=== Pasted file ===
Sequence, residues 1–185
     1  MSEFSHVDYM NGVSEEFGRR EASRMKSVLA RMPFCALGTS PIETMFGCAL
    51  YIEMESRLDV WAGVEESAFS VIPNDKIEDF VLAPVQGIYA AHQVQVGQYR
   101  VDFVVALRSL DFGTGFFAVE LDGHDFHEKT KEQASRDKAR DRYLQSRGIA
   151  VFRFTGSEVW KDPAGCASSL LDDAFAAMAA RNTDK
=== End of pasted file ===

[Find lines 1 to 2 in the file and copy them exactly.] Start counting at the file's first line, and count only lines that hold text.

Sequence, residues 1–185
     1  MSEFSHVDYM NGVSEEFGRR EASRMKSVLA RMPFCALGTS PIETMFGCAL